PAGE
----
This is the 20th and final title in Ian Rankin’s hugely successful Inspector Rebus series.
I have read them all, not a dud among them, in fact I think they got better and better as the series progressed. There is no doubt for me that Rankin is the number one British author working in the crime fiction genre.
His plots are always topical, the previous title, The Naming of the Dead, was built around the G8 Conference when it was held in Edinburgh, while this latest one includes several references to the London murder of Alexander Litvinenko, which occurs around the same time, November 2006, as the murder in Rebus’ last case, that of a dissident Russian poet in Edinburgh following a reading to promote his latest collection of verse.
This brutal murder occurs ten days before the compulsory retirement at 60 of Detective Inspector Rebus, something his superiors are keenly looking forward to, while his longtime colleague, DS Siobahn Clarke, has very mixed feelings.
At first the murder looks to be an abortive mugging but the presence in Edinburgh of a delegation of Russian businessmen tends to muddy the waters and as Rebus and Clarke and others in their team dig deeper the attack appears to be less random, something far more sinister.
The close scrutiny of the Russian delegation by Rebus’ team starts to annoy the Scottish authorities and all sorts of pressures are brought to bear. Rebus, renowned for his irascibility and unpredictability is desperate to resolve the case before his departure, a task made all the more difficult when three days before his retirement ,in a moment of great provocation his superior bans him from Gayfield Square Police Station.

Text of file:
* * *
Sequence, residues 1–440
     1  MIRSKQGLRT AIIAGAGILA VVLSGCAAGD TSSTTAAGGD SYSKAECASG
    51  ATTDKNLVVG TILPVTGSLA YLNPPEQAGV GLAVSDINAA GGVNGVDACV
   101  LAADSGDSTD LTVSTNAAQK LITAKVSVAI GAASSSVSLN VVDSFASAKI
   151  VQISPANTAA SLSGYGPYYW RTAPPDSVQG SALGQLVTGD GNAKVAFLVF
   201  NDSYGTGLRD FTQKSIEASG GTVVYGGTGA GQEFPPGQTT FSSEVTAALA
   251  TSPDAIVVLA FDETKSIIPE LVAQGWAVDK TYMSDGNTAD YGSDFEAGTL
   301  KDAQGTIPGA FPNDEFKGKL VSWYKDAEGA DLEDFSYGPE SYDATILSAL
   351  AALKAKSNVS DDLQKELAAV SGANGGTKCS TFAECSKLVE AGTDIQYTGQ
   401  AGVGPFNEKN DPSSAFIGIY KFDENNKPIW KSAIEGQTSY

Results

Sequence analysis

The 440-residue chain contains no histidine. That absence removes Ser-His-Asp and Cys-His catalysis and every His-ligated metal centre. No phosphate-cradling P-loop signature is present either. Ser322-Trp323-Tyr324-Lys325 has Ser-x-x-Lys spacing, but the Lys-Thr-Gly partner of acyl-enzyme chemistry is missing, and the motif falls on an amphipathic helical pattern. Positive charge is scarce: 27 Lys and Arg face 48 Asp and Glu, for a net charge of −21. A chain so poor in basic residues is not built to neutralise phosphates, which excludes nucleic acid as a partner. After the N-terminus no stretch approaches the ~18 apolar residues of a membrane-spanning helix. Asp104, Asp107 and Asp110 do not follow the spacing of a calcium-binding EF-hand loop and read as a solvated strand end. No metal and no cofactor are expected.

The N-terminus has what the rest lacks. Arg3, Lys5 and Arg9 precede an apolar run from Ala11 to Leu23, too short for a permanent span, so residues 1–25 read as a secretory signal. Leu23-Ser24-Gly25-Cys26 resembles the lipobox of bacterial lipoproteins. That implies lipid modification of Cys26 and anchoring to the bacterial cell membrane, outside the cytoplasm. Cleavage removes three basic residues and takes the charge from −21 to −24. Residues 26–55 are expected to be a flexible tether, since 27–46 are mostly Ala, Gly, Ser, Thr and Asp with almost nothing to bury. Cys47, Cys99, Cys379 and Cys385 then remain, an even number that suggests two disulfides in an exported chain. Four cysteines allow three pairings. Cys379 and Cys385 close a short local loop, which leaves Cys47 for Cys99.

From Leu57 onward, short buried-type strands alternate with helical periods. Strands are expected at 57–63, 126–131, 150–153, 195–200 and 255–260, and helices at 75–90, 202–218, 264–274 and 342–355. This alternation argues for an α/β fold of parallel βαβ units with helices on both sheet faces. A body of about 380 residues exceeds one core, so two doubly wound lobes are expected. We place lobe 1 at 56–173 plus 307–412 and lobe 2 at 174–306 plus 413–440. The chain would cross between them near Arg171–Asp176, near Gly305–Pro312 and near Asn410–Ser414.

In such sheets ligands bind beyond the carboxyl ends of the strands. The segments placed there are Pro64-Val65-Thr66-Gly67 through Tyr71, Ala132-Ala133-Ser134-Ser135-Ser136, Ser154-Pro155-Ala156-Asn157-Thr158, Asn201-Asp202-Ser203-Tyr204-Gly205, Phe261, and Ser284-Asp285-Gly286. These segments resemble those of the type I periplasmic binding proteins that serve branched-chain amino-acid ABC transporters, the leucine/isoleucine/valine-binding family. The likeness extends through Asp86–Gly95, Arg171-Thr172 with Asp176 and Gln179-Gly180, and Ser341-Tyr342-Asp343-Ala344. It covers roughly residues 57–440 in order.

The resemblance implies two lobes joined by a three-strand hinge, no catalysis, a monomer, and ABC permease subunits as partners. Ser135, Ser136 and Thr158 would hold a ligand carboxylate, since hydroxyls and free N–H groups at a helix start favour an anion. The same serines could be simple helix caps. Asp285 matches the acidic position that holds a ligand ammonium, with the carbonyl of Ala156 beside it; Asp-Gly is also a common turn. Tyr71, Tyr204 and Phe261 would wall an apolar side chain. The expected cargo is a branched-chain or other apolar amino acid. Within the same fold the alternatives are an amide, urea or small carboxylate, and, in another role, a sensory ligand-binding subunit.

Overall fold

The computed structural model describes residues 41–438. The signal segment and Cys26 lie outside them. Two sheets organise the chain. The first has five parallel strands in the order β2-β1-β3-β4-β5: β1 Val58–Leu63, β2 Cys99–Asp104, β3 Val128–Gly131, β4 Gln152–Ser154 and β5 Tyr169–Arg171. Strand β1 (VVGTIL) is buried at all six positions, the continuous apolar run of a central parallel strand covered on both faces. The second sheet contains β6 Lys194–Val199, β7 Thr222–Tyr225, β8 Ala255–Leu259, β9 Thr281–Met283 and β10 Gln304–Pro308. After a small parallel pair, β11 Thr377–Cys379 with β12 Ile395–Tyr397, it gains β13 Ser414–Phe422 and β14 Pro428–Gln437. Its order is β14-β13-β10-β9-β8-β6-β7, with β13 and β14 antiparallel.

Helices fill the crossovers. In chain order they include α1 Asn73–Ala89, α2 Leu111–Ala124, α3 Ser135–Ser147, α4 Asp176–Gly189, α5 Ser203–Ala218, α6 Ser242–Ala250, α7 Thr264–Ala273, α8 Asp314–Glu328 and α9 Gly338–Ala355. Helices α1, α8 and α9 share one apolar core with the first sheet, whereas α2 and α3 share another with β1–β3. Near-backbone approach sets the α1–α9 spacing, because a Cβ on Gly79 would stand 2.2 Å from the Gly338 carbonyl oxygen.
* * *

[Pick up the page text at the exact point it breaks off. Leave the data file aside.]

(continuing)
Underlying the story is the presence of Ger Cafferty, the Edinburgh gangster who has long been Rebus’ nemesis, and who Rebus has always wanted to “put away”.
There is a significant amount of dialogue in the novel, (Rankin is a master of dialogue), with much of it taking place in various bars, and in particular Rebus’ “home” bar, The Oxford. This is a real Edinburgh pub where Rebus has always drunk, and where Rankin drinks in real life. Indeed the medical team of Professor John Gates and Doctor John Hurt who are always called in to do the grisly work in the Rebus novels are named after the owner and the barman at The Oxford.
Inevitably the case is solved, following a few unexpected twists, we attend the farewell party for Rebus, at The Oxford of course, where among his gifts is an I-Pod, most appropriate as he is fond of a wide range of popular music which has always been a major part of his life – “My exit music, Rebus commented with a look close to contentment”. There is also a bottle of 25 year-old malt, also appropriate.
So will he be back? Certainly not as a policeman as it is mandatory to retire at 60 in Scotland, but there is a slight hint that he might sign up with the Serious Crime Unit, “three retired detectives whose job was to look at unsolved”.
Time will tell I guess, Rankin may well be tired of him after 20 novels, and 20 years.
I for onewill be sorry to see him go.
Rankin is visiting New Zeland in November, we may get a chance to ask him about Rebus' future.
Here is Rankin's NZ itinerary:
· Tuesday 20th November: ‘An Evening with Ian Rankin’, Rosnini College, 7pm, tickets $15 available from Ticketek
· Wednesday 21st November: ‘An Afternoon with Ian Rankin’, Glenroy Auditorium, Dunedin, for free tickets call 03 474 3690 or visit your local library
· Wednesday 21st November: ‘An Evening with Ian Rankin’, Holiday Inn Centre, Christchurch, tickets $12 available from The Press office, or call Ruth on 03 384 4721
· Thursday 22nd November: ‘The Final Cut’, Rutherford House, Wellington. Tickets available at http://www.bookcouncil.org.nz/index.html
· Thursday 22nd November: Rebus strikes for the last time! Martinborough Wine Cente, Martinborough. Tickets available from Hedleys bookstore or book at www.hedleysbooks.co.nz
· Friday 23rd November: Dymocks Literary Lunch, Rendezvous Hotel. Enquires and bookings phone: 09 5208805, or email email@example.com